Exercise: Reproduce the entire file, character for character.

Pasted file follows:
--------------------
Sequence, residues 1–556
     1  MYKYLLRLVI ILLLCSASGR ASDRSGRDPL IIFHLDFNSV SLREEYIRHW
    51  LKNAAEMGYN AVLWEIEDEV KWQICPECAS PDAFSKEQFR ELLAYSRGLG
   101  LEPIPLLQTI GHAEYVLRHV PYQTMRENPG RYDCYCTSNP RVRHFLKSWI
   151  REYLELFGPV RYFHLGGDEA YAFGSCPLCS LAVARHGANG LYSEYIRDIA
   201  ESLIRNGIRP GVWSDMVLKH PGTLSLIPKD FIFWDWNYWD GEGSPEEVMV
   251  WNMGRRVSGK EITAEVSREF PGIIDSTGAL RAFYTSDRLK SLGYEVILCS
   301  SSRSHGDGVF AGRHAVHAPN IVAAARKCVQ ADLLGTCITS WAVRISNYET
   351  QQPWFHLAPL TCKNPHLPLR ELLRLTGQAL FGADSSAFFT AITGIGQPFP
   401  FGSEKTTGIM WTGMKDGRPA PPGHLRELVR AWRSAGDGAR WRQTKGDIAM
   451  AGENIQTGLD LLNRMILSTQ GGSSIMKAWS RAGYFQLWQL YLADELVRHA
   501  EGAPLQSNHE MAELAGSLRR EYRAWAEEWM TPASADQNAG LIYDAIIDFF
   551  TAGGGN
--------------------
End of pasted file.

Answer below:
Sequence, residues 1–556
     1  MYKYLLRLVI ILLLCSASGR ASDRSGRDPL IIFHLDFNSV SLREEYIRHW
    51  LKNAAEMGYN AVLWEIEDEV KWQICPECAS PDAFSKEQFR ELLAYSRGLG
   101  LEPIPLLQTI GHAEYVLRHV PYQTMRENPG RYDCYCTSNP RVRHFLKSWI
   151  REYLELFGPV RYFHLGGDEA YAFGSCPLCS LAVARHGANG LYSEYIRDIA
   201  ESLIRNGIRP GVWSDMVLKH PGTLSLIPKD FIFWDWNYWD GEGSPEEVMV
   251  WNMGRRVSGK EITAEVSREF PGIIDSTGAL RAFYTSDRLK SLGYEVILCS
   301  SSRSHGDGVF AGRHAVHAPN IVAAARKCVQ ADLLGTCITS WAVRISNYET
   351  QQPWFHLAPL TCKNPHLPLR ELLRLTGQAL FGADSSAFFT AITGIGQPFP
   401  FGSEKTTGIM WTGMKDGRPA PPGHLRELVR AWRSAGDGAR WRQTKGDIAM
   451  AGENIQTGLD LLNRMILSTQ GGSSIMKAWS RAGYFQLWQL YLADELVRHA
   501  EGAPLQSNHE MAELAGSLRR EYRAWAEEWM TPASADQNAG LIYDAIIDFF
   551  TAGGGN